Better employment opportunities
Higher education enhances nurses’ career advancement opportunities. Employers often prefer nurses with higher degrees as they have advanced knowledge and skills to improve patient outcomes, reduce medical errors, and increase patient satisfaction.
Nurses with higher degrees can work in various specialities, such as critical care, neonatal, paediatrics, oncology, and geriatrics. They can also advance to leadership positions, such as nurse managers, clinical educators, and nurse executives. These positions offer higher salaries, better benefits, and more professional development opportunities.
Moreover, higher education is crucial for nurses who want to pursue research or academic careers. Nurses with doctoral degrees, such as Doctor of Nursing Practice (DNP) or Doctor of Philosophy in Nursing (PhD), can conduct research studies that aim to improve patient care and develop new nursing theories. They can also teach nursing students and share their knowledge and experience with the next generation of nurses.
Grow as a leader
Often, nurses are required to supervise patient safety. They are the main point of contact between the family members and their loved ones receiving care. They stay beside their patients throughout the treatment period and observe their efficacy.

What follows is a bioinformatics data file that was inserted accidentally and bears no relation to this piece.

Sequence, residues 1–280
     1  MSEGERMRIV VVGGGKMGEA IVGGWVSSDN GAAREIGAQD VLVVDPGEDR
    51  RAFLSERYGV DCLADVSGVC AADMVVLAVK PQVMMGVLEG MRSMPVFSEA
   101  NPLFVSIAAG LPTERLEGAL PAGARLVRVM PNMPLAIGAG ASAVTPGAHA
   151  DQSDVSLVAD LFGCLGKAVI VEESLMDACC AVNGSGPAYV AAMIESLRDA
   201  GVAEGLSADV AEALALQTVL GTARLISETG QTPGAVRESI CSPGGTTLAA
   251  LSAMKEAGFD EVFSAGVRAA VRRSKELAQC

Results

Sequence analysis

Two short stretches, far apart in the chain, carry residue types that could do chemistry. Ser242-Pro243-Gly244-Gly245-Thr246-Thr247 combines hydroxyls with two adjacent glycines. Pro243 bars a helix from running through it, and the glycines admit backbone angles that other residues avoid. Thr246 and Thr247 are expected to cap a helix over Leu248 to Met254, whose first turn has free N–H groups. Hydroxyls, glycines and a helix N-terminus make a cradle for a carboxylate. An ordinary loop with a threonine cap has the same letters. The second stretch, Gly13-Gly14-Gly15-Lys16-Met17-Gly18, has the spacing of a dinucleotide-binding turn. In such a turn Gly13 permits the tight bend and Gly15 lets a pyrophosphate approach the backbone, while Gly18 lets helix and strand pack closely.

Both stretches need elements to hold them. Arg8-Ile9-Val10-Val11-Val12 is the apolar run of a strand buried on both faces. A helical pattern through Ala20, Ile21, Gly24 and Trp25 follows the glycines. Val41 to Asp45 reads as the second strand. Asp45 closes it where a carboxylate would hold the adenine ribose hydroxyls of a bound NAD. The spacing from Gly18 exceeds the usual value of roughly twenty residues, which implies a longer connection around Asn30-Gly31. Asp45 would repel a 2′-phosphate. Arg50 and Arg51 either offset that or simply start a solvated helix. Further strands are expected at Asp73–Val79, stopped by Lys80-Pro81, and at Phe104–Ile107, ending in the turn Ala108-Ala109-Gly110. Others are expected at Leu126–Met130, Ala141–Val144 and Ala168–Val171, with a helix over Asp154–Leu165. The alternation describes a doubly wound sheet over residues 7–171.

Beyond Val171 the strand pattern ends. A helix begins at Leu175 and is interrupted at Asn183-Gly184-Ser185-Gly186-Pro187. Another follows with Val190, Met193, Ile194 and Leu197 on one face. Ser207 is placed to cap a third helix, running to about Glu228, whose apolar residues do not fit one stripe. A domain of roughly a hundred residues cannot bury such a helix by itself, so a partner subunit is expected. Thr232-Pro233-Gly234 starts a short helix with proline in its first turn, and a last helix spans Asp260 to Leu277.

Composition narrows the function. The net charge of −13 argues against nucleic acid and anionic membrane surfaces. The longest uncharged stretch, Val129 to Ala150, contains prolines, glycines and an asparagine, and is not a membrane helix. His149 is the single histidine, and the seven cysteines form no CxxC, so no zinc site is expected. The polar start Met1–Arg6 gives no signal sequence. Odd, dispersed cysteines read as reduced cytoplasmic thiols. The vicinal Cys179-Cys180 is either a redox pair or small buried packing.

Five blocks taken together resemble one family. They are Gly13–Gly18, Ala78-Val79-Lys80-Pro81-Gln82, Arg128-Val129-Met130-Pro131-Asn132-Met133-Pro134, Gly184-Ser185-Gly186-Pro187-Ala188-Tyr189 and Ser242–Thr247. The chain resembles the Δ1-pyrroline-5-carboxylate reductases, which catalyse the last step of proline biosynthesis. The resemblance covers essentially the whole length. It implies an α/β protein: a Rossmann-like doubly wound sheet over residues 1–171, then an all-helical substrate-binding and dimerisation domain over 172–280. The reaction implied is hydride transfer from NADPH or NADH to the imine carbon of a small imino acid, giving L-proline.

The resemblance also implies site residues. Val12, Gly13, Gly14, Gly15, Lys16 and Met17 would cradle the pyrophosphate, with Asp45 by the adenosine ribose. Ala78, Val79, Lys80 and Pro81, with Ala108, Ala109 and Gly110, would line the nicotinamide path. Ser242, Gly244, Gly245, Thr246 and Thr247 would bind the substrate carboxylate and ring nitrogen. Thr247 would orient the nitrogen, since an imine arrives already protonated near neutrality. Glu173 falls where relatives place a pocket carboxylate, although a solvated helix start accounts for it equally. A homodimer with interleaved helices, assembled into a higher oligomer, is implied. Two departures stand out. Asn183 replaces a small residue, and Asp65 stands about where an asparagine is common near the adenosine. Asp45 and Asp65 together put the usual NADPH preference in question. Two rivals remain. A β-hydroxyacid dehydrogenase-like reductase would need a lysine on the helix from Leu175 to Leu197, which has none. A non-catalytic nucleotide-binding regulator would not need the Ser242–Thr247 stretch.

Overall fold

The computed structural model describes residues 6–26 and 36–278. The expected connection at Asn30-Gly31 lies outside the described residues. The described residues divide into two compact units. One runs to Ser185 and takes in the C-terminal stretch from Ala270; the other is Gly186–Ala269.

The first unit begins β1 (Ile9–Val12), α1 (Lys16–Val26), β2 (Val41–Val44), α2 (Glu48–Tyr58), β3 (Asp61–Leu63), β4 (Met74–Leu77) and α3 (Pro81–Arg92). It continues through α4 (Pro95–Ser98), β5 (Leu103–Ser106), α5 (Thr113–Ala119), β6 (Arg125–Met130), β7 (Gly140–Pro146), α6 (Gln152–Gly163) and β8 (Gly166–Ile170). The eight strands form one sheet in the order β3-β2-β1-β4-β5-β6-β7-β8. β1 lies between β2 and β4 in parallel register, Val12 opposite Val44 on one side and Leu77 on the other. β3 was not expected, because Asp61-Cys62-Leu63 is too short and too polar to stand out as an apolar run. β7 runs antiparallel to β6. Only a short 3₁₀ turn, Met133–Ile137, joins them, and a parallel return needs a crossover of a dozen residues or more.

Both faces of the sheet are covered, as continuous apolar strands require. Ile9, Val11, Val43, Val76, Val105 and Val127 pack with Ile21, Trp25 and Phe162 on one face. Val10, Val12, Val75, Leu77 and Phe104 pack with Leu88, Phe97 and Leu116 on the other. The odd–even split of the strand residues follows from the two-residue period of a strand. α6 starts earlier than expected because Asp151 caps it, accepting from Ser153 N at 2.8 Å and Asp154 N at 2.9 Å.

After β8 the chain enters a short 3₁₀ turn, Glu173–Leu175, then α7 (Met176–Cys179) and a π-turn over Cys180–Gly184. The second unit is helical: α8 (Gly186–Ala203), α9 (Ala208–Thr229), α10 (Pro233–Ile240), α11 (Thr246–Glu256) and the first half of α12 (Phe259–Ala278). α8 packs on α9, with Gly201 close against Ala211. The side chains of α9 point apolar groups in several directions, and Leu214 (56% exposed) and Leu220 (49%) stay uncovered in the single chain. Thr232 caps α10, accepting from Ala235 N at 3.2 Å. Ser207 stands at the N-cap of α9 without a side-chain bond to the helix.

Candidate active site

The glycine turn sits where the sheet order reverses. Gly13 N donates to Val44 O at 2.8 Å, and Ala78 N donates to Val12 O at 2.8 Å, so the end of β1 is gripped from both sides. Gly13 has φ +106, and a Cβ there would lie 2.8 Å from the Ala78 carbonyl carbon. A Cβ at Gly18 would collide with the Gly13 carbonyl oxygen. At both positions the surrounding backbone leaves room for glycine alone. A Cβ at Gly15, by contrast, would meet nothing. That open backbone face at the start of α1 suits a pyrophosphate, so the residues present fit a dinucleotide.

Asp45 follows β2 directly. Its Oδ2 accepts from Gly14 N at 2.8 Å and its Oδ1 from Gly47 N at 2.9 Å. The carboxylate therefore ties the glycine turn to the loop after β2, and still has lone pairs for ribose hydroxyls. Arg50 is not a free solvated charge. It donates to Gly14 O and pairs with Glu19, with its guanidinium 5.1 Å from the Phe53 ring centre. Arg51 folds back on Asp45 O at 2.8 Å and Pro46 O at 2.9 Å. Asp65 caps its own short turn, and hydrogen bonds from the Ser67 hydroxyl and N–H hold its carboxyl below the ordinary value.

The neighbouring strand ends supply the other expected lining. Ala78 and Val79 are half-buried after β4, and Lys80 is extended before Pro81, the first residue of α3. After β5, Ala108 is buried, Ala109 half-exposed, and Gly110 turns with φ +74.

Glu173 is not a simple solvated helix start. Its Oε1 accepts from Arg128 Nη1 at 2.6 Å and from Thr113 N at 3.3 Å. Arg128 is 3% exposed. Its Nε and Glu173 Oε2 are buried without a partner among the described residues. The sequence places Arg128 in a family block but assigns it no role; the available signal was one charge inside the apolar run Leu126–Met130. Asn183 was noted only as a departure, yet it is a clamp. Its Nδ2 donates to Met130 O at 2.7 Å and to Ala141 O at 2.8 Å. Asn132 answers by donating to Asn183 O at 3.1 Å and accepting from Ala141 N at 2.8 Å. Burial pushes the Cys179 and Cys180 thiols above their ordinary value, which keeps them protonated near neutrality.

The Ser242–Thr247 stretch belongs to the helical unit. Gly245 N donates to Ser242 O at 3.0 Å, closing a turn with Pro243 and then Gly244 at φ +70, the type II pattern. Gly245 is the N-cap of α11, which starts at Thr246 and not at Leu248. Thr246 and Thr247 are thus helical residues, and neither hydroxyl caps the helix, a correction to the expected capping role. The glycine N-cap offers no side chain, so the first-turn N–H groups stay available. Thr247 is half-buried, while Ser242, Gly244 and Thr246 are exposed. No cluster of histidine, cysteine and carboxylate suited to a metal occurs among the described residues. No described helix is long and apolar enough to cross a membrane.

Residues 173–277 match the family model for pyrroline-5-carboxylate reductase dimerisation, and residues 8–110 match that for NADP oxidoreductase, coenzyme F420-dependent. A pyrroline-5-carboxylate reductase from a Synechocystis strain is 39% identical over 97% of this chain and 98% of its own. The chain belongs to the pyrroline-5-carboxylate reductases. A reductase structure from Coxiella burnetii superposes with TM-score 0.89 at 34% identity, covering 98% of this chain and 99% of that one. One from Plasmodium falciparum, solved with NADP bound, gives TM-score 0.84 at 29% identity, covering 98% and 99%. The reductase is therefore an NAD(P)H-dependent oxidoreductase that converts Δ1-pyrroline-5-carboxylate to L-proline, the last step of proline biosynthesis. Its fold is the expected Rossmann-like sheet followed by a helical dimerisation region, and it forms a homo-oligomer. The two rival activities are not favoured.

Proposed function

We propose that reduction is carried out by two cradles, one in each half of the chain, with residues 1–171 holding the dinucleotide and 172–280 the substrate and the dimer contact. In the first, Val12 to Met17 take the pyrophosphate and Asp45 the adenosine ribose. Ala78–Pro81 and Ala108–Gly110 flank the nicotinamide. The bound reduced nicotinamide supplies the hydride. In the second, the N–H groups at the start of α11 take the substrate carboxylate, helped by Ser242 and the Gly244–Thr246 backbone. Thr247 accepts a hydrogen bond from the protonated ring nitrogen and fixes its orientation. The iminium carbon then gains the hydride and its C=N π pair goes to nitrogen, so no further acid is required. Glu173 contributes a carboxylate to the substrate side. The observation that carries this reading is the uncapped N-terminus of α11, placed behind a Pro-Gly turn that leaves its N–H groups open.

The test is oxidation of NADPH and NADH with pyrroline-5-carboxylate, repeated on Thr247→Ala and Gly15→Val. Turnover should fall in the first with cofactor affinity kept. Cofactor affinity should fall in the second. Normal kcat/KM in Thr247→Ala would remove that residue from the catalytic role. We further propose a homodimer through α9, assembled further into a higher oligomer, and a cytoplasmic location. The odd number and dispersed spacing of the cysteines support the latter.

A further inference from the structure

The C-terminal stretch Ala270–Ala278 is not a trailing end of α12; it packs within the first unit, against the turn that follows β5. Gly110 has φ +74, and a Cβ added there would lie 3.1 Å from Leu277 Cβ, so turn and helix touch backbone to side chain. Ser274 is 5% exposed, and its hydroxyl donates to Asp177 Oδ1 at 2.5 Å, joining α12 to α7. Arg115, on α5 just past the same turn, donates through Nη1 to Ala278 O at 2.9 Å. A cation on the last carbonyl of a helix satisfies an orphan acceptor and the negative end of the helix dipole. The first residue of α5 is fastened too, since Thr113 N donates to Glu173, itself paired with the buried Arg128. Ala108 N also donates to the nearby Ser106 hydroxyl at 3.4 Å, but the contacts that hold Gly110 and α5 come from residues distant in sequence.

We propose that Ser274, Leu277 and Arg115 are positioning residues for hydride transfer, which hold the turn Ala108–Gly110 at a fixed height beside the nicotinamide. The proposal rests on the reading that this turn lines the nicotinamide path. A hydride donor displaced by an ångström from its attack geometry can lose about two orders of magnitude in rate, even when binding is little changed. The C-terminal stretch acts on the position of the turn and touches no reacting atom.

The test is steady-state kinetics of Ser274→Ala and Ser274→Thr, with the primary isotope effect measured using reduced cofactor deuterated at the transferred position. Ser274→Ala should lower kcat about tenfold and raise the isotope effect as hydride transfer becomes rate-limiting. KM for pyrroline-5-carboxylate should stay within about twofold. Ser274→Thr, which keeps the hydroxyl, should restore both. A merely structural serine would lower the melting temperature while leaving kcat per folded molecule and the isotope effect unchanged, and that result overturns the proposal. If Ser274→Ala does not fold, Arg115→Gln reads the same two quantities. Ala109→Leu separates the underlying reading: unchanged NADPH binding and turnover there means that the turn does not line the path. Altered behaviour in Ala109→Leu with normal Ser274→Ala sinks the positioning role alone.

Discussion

In other words, nurses take up various leadership roles throughout their careers. They provide patient care, serve on committees, participate in initiatives, and participate in research projects. In fact, part of their career growth as a leader relies on their pursuit of higher education.
Moreover, they become qualified to apply for different leadership roles and are no longer required to limit themselves to a clinical setting. They can even work at universities and colleges as educators and can guide, mentor, assist in establishing advanced curriculums and support the upcoming generation of nurses.
Better patient care
Many research works now link nurse practitioners with generally fewer medication errors, more positive patient outcomes, higher diagnostic proficiency, and lower mortality rates. In other words, higher education among nurses has been proven to open avenues to quality services.
It helps broaden competency in healthcare financing, systems thinking, public health, community health, and quality care. All these classes help nurses develop their skills through technology and data analysis. Thus, for nurses to have a competitive advantage in their careers, they must pursue programs that prepare them to take up roles in primary care, acute care, long-term care, and speciality practices.
Higher education is essential for nurses to provide high-quality patient care, advance their careers, and contribute to the nursing profession’s development. Nurses must continuously update their knowledge and skills through higher education programs to meet evolving healthcare needs and improve patient outcomes.
It helps them stay better prepared to meet the diverse needs of patients and adapt to a high-tech environment. Eventually, it helps them earn more leadership roles with full autonomy and better financial growth.
In short, investing in higher education for nurses is a wise decision that benefits healthcare organisations, patients, and the nursing profession as a whole.
David Radar, a psychology graduate from the University of Hertfordshire, has a keen interest in the fields of mental health, wellness, and lifestyle.